Machine Learning has proven immensely effective in a diverse set of applications. This trend has reached a new high with the application of Deep Learning virtually in any application domain. This course studies the applications of Machine Learning in the sub domain of Cybersecurity by introducing a plethora of case studies including anomaly detection in networks and computing, side-channel analysis, user authentication and biometrics etc.
Cat. I This is an introductory course that addresses the analysis of basic mechanical and structural elements relevant to biomechanics. Topics include general concepts of stresses, strains, and material properties of biomaterials and biological materials including viscoelasticity. Also covered are stress concentrations, two-dimensional stress transformations, principal stresses, and Mohr’s circle. Applications are to uniaxially loaded bars, circular shafts under torsion, bending and shearing and deflection of beams.
Cat. I This beginning course provides important background for all science and engineering disciplines regarding the capabilities and limitations of materials relevant to the development of medical devices. Students are introduced to the fundamental theme of materials science-- structureproperty-processing relationships in biomaterials, specifically metals, ceramics, and plastics. Aspects of material structure range from the atomic to microstructural and macroscopic scales. In turn, these structural features determine the properties of materials.
These classes will serve as integrative experiences for graduate students who are early in their doctoral training. The course will help students integrate concepts from other courses in the curriculum, practice skills of critical analysis, and evaluate and communicate scientific information effectively. The specific theme of each offering will center around a current topic of biological interest, and may include such areas as genomics, cancer, environmental problems, and synthetic biology. Topics will be announced prior to registration in the year preceding the course offering.
Animal cell culture technology is about maintaining cells in vitro under controlled conditions. In recent decades this technology has advanced significantly, and animal cells are used in variety of application both in research and product development. The students in this course will be exposed to the different methodologies utilized to grow cells and how this technology is becoming critical in production of many of the health care products used to control human diseases.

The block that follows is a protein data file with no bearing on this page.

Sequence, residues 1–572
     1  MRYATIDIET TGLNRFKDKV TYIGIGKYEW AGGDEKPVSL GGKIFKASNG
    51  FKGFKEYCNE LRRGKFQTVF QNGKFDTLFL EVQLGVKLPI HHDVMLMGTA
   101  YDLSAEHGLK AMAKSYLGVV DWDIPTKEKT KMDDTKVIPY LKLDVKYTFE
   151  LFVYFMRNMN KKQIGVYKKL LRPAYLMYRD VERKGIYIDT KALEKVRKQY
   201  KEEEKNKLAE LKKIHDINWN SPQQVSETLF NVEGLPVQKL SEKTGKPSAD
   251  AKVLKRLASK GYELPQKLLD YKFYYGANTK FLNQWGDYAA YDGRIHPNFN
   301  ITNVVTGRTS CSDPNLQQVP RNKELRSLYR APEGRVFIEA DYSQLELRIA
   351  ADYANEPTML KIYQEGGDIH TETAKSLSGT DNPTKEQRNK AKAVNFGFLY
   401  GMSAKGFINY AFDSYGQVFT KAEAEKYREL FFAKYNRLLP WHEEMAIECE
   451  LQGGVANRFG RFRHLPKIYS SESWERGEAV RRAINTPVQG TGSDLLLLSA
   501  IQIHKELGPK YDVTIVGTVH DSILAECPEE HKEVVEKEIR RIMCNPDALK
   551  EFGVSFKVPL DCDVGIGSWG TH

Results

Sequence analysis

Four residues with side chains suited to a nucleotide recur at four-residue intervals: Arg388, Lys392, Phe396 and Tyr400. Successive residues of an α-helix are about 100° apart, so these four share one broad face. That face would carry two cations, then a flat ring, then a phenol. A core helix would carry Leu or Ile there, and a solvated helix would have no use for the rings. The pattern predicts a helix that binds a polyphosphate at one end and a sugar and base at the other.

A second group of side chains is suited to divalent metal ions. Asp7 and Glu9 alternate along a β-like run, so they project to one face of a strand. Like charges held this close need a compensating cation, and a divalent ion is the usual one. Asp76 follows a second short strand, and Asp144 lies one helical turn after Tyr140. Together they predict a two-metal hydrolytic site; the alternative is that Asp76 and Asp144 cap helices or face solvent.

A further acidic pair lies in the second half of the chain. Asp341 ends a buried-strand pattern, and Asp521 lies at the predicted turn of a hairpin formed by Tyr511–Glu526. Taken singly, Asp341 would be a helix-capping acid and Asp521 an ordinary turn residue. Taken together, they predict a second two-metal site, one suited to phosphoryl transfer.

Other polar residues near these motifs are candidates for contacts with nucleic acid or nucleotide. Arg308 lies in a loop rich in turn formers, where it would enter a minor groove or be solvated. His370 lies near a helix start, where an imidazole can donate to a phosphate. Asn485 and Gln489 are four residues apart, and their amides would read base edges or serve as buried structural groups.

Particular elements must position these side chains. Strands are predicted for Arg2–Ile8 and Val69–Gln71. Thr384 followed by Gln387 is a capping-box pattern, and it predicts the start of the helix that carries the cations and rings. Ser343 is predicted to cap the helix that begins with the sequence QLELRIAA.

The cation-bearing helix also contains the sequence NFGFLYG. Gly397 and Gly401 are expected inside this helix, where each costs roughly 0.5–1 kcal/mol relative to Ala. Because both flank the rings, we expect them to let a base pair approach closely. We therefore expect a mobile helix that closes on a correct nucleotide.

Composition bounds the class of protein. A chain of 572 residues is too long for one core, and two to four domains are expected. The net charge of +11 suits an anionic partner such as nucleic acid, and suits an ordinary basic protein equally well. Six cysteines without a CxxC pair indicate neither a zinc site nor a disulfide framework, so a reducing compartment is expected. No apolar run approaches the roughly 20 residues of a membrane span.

This course will facilitate a student’s functional knowledge of living cells from a biological, biochemical and technological perspective. Topics covered will include the structure, organization, growth, regulation, movements, and interaction of cells, as well as details of cellular metabolism and molecular biology. Emphasis will be placed on visualizing cellular architecture, describing the structure of DNA, describing the fate of various cellular RNAs, articulating information flow in cells, and describing protein outcomes.
Cat. I Students in this course will become part of a national crowd sourcing initiative to isolate and identify novel bacteriophage. Students will design experiments to initially isolate phage (bacterial viruses) from environmental samples they have collected, then characterize and determine their DNA sequence. The DNA sequences will be used in the follow-on bioinformatics course BB 3526 Phage Hunters: The Analysis.
In this course, selected mathematical methods (such as group theory, Fourier transform, and integration techniques) are used to solve problems in chemistry and biochemistry. The emphasis is not on complete coverage of any specific traditional teaching subject, but rather on the ways each technique can be applied in more than one direction. The main focus is placed on problems relevant in such generally important areas as kinetics and spectroscopy.
Recommended background: Chemical Thermodynamics and Calculus I – IV or equivalent courses.
This course introduces a selection of physics topics (Thermodynamics, Optics, Fluid Dynamics, Waves, and Atomic and Nuclear Physics) that are critical to students pursuing degrees in Life Sciences, Pre-Med, and Pre-Health.
Recommended Background: General Physics - Mechanics (PH1110) or Principles of Physics - Mechanics (PH1111), General Physics Electricity and Magnetism (PH1120) or Introductory Physics – Electricity and Magnetism (PH1121), completion or concurrent study of Calculus I (MA 1021) or Calculus II (MA 1022).